Journals give us a window into the past, helping us discern what happened when and what the outcome was. We keep journals, traditionally, by writing things down with a timestamp (which could just be a date).
In programming, logging is like journaling. It records a history of a running application that we can revisit, giving us insight into what was happening at a given point in time.
Logging lets us revisit our application as if it was running. It's a useful tool for tracking bugs, performance, and generally ensuring that our applications are chugging along.
Open the console in your browser of choice.
Top Tip: If you already have the console open but you find that it's getting a little cluttered, you can clear it out by clicking the "Clear console" button — it looks like this in Chrome:
Alternatively, you can press
l to make your console look fresh and new.
console in the console (that's a little funky to say, huh?) and press "enter". In Chrome, you'll see something like
This is all probably a bit mystifying at the moment. You can explore that console thing (psst: it's an object, which we'll learn more about later), but feel free to move on to learn about how we use it.
console.log() is an all-purpose logging method. (A method or a function is a bit of code that does something. We call them when we want them to act.) In programming, logging refers to the process of printing information about the program as it runs. Try it out!
console.log("I'm logging! I'm a regular lumberjack!")
You can pass any number of messages to
console.log() by separating them with commas; when printed, they'll be separated by a space:
console.log('one', 'two', 'three')
When you enter the above in your console, you'll see "one two three".
And you don't just have to pass strings to
console.log() — try this:
console.log("I must have logged", 1000, "times today.")
You should see "I must have logged 1000 times today."
console.error() prints an error and usually includes a stack trace. A "stack trace" is a report of code that was executed at a certain time (in this case, starting from when the error occurred and working backwards). Enter the following in your console:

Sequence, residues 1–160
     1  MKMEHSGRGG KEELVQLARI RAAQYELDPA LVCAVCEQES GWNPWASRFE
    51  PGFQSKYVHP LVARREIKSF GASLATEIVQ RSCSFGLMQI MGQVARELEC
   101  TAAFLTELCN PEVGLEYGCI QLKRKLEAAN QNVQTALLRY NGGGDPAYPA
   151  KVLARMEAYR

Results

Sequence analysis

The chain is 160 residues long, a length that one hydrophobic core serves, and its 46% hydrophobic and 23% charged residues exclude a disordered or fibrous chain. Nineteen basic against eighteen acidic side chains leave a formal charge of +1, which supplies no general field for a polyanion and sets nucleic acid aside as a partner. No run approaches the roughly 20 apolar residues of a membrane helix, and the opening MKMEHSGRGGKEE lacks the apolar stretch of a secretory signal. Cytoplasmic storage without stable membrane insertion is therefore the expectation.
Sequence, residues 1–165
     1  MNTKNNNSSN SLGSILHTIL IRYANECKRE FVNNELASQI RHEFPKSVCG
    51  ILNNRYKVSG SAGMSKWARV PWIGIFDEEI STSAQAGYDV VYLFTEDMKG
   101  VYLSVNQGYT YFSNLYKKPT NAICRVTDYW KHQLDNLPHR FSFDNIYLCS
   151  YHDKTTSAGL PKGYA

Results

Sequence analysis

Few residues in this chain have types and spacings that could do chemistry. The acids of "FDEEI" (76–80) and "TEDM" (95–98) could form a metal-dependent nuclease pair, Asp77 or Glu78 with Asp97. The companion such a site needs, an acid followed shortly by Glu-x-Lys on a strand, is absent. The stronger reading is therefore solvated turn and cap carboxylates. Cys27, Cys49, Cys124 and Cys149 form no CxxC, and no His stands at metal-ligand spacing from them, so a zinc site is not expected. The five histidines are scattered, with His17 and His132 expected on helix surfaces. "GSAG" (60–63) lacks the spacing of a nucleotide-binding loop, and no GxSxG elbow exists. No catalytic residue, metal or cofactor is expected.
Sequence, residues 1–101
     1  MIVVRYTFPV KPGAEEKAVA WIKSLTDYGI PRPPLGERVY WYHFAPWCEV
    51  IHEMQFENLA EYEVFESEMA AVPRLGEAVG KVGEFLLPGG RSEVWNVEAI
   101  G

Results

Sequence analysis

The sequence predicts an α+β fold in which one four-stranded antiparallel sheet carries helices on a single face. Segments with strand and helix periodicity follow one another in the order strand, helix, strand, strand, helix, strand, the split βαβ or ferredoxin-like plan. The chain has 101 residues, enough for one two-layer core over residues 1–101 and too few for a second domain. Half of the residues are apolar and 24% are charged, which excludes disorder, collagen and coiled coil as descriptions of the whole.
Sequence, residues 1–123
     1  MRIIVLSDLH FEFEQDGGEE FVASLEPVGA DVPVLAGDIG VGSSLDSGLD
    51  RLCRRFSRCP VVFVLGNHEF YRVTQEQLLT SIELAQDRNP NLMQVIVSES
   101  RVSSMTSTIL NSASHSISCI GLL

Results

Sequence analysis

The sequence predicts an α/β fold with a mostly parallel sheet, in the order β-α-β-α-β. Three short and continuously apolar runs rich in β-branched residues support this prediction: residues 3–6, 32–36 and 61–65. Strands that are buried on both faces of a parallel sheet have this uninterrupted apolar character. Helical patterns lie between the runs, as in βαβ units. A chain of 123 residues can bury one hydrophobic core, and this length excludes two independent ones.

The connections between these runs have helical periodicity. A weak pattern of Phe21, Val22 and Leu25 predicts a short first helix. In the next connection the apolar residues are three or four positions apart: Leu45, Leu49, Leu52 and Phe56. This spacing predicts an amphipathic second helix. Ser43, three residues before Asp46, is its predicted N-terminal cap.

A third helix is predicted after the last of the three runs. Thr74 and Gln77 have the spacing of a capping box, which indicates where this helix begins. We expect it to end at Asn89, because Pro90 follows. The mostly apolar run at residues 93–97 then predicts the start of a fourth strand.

console.error('Danger, Will Robinson!')
You should see something like
You can pass several messages at once, separated by a comma:
console.error("Danger!", "Something bad happened!", "Time to debug!")
When printed, there will be a space after each message:
"Danger! Something bad happened! Time to debug!".
You might ask why we'd ever need to use this — isn't the goal of writing good code to avoid errors? Well, sure, but sometimes errors are out of our control: the network could go down, data could change, or a user could enter something invalid. In these cases, it's helpful to report not only what happened (which logging generally is good for) but also what kind of thing happened — in these cases, it was an error, so we use
console.warn() does as its name suggests: it prints a warning. We can use
console.warn() to, well, warn developers that an action they've taken might not be wise — one common use-case is giving developers a heads-up that some of the code they've written might no longer be supported.
console.warn('Hm, you might not want to do that.')
It might be a while before you find yourself needing to use
console.warn() — but you should think of it every time you see those yellow messages in the browser's console!
console.error(), we use
console.warn() to indicate in our log history that something undesirable happened, but it shouldn't have broken anything (unlike an error, which could break things). Warnings, as mentioned above, could give us insight into things that might break in the future or actions that worked but maybe shouldn't have — just like in real life!
console has tons (or tonnes for some folks) of useful functionality — be sure to explore! Logging info, errors, warnings, and stack traces is essential to staying on top of your application's functionality.